Supreme Court justices appointed by a president who instigated a coup show true colors as partisan hacks
In mid-September, Clarence Thomas told a crowd of more than 800 students and faculty at Notre Dame University that the U.S. supreme court should not be viewed in political terms, and that justices do not base their rulings on “personal preferences.”
But if not political or personal preferences, where exactly do they discover the law? Thomas never said. When asked whether the attorneys presenting oral arguments ever compel him to change his mind, Thomas said, “almost never.”
In late September, the court’s newest member, Justice Amy Coney Barrett, told a crowd in Kentucky that supreme court justices are not a “bunch of partisan hacks.”
If there was any doubt about the partisan hackery of the supreme court’s six Republican appointees, it will be on full display when they overturn Roe v Wade, the 1973 decision that established a constitutional right to abortion and prohibited states from banning the procedure before fetal viability, about 23 weeks.
That ruling is expected next July. The case they have teed up to do the dirty deed is Dobbs v Jackson Women’s Health Organization, which centers on a Mississippi law that bans almost all abortions after the 15th week. Moving the constitutional prohibition to 15 weeks would disregard decades of precedent.
On December 1, during almost two hours of intense oral argument and questioning from the justices, the court’s six Republican appointees signaled their comfort with the Mississippi law, even though it would flatly overrule Roe. Several of them appeared ready to dispense with Roe entirely, letting states decide whether and when to ban abortions.
Until the last few years, there was no realistic prospect of overruling Roe. But Donald Trump vowed to name justices who would do so. And courtesy of the machinations of then Senate majority leader Mitch McConnell, Trump got an opportunity to appoint three justices – who have now created a six-justice conservative supermajority.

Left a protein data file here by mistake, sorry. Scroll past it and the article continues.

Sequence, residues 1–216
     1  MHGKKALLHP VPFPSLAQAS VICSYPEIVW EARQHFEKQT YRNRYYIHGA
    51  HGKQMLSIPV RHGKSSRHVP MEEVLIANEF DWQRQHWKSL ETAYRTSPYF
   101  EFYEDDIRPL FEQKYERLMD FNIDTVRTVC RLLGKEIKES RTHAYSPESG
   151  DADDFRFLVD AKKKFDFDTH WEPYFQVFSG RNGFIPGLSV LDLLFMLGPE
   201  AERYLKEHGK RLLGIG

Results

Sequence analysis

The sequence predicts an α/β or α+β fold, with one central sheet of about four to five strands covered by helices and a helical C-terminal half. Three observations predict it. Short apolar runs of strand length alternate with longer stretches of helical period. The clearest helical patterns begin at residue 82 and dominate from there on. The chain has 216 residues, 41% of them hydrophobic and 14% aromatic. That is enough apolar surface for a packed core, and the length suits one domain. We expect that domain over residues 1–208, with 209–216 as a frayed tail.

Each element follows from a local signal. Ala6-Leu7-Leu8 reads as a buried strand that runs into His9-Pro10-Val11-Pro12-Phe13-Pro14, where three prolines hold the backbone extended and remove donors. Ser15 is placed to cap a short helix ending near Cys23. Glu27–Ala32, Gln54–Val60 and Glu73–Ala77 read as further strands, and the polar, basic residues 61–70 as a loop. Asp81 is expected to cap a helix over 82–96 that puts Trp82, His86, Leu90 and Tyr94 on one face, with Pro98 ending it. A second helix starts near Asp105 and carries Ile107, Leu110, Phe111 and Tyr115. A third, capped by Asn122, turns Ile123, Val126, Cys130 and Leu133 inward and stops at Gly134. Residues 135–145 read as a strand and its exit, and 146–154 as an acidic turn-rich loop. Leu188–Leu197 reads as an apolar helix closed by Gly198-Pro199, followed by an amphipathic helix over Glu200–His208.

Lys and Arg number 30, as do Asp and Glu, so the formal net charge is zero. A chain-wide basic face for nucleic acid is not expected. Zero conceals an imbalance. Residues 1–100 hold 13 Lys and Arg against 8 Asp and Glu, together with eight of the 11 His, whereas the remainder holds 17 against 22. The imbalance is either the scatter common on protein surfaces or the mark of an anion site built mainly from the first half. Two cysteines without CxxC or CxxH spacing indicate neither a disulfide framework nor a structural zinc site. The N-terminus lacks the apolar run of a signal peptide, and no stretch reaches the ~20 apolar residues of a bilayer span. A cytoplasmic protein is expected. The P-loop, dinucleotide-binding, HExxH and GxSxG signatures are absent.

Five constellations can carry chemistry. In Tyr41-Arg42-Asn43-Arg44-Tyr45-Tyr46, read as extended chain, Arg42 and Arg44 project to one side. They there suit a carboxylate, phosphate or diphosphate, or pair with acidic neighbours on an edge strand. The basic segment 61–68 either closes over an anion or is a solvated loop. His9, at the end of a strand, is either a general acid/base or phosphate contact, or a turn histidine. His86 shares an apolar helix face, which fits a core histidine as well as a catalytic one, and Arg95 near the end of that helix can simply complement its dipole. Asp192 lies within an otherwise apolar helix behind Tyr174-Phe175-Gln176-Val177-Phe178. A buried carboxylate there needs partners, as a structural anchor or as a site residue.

During the argument on December 1, the three justices appointed by Democratic presidents warned that overruling Roe so soon after a change in the court’s membership would undermine the court’s legitimacy.
“Will this institution survive the stench that this creates in the public perception that the constitution and its reading are just political acts?” Justice Sonia Sotomayor asked. “If people actually believe that it’s all political, how will we survive? How will the court survive?”
It is the key question. As the framers of the U.S. constitution well understood, the supreme court is the one branch of government with neither the power to command obedience by force nor to gain it by doling out money. It relies totally on its moral authority. If the public begins to see it as just another political branch, it will lose that authority.
Flashback: I was in law school in 1973 when the supreme court decided Roe. Also in my class at the time was Clarence Thomas, along with Hillary Rodham and Bill Clinton.
The professors used the Socratic method – asking hard questions about the cases they were discussing and waiting for students to raise their hands in response, and then criticizing the responses. It was a hair-raising but effective way to learn the law.
One of the principles guiding those discussions is called stare decisis – Latin for “to stand by things decided.” It is the doctrine of judicial precedent. If a court has already ruled on an issue (say, on reproductive rights), future courts should decide similar cases the same way. Supreme courts can change their minds and rule differently than they did before, but they need good reasons to do so, and it helps if their opinion is unanimous or nearly so. Otherwise, their rulings appear (and are) arbitrary – even, shall we say? – political.
In those classroom discussions almost 50 years ago, Hillary’s hand was always first in the air. When she was called upon, she gave perfect answers – whole paragraphs, precisely phrased. She distinguished one case from another, using precedents and stare decisis to guide her thinking. I was awed.
My hand was in the air about half the time, and when called on, my answers were meh. Clarence’s hand was never in the air. I don’t recall him saying anything, ever. Bill was never in class.
Only one of us now sits on the supreme court. It appears that he and his Republican-appointed colleagues, three appointed by a president who instigated a coup against the United States, are getting ready to violate stare decisis, judicial precedent.
I do not expect them to give a clear and convincing argument for why.